in depth interviews
unstructured, one on one interviews. guided by interviewee's responses. advantages- group pressure eliminated, ability to probe at length, ability to improvise based on interviewee interest. can be conducted anywhere on site
disadvantages- small sample size, relative cost, client doesn't often participate in field
used to tap deeper feelings by having respondents contemplate an unstructured situation. methods- word associations, personification, sentence completions, cartoon dialogue, storytelling, photo card sorts, drawings.
systematic process of recording patterns of occurrences or behaviors without normally communicating with people involved. methods are people watching people, people watching phenomena, machines watching people, machines watching phenomena
you see what people actually do, relatively quick execution, electronic collection such as scanners is efficient and accurate, clients can observe their customers along with researcher
only physical behavior can be observed, can't measure attitudes, beliefs, intentions, or feelings. not always good representation of general population. interpretation can be subjective. expensive and time consuming.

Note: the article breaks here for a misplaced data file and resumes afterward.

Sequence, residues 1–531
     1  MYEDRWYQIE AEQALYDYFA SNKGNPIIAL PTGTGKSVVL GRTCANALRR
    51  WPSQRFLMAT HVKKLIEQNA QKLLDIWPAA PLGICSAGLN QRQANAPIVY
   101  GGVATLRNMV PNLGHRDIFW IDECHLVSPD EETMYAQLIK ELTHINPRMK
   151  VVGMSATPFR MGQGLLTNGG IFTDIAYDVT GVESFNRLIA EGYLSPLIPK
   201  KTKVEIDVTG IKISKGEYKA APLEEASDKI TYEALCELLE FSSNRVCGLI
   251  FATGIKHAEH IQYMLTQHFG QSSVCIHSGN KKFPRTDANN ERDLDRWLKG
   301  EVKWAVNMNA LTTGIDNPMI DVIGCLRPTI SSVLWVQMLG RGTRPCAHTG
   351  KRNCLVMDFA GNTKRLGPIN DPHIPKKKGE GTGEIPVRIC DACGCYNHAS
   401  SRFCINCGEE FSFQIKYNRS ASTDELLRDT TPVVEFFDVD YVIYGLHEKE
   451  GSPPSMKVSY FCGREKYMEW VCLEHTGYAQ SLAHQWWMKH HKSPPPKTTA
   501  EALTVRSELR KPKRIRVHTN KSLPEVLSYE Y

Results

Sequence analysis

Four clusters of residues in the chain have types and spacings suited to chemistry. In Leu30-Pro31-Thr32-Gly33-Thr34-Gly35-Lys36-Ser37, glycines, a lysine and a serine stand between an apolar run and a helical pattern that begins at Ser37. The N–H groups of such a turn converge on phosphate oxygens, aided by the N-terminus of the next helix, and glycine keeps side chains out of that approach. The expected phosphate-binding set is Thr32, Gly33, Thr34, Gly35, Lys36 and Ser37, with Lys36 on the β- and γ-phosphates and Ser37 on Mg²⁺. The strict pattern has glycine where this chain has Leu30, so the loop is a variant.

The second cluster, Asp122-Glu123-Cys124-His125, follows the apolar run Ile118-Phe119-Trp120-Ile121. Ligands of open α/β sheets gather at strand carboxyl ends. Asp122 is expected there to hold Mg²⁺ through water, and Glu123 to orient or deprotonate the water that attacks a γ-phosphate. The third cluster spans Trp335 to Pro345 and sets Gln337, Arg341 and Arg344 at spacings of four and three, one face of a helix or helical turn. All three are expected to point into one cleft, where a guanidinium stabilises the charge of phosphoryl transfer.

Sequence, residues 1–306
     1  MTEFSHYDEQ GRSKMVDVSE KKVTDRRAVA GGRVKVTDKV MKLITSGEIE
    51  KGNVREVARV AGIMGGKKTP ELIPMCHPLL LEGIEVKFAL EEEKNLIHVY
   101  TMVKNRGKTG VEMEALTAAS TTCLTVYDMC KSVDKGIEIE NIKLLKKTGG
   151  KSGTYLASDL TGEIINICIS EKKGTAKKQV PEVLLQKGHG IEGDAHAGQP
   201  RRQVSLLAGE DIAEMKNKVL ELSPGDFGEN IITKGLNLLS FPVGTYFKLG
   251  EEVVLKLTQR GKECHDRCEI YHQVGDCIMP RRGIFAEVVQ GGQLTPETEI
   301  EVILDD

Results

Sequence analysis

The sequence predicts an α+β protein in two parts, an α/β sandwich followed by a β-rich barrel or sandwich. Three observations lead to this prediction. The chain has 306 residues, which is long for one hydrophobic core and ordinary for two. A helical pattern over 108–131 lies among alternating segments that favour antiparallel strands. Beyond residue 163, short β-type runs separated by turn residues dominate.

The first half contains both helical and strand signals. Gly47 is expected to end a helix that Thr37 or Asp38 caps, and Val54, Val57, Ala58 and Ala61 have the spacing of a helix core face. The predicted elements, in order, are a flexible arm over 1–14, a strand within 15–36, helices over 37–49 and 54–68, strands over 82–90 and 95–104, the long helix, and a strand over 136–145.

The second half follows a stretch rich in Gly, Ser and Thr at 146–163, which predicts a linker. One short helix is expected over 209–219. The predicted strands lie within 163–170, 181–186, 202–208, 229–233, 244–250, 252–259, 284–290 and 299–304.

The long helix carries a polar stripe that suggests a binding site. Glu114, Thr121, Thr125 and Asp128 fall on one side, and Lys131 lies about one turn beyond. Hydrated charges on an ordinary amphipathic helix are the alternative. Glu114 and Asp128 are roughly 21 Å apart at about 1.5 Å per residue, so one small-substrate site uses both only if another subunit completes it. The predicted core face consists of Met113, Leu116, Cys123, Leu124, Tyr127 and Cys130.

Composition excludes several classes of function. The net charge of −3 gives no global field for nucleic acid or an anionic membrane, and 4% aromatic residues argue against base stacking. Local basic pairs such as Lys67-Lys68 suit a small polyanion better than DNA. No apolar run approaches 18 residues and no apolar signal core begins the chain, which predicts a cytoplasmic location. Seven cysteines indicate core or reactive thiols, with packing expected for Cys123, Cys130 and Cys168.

focuses on culture and meaning in everyday life. descriptions of world using the terms of those who experience it. key principles are context, observation, and in depth interview. ethnographic approach becomes the consumer, reaching non traditional markets. it impacts brand identity, new product development, marketing communications and customer experience
cross sectional study
observational. researcher records info about their subjects without manipulating study environment. allows researcher to compare different variables at the same time. takes a snapshot of the moment.
observational. conducts research over a long period of time and does not come into contact with subjects. extends beyond a single moment in time so it can establish sequences of events.
combination of different methods, study group, local and temporal settings and different theoretical perspective in detailing with a phenomenon. helps describe and formalize relationship between qualitative and quantitative research. helps maintain authenticity and validity of research cause it's multi method approach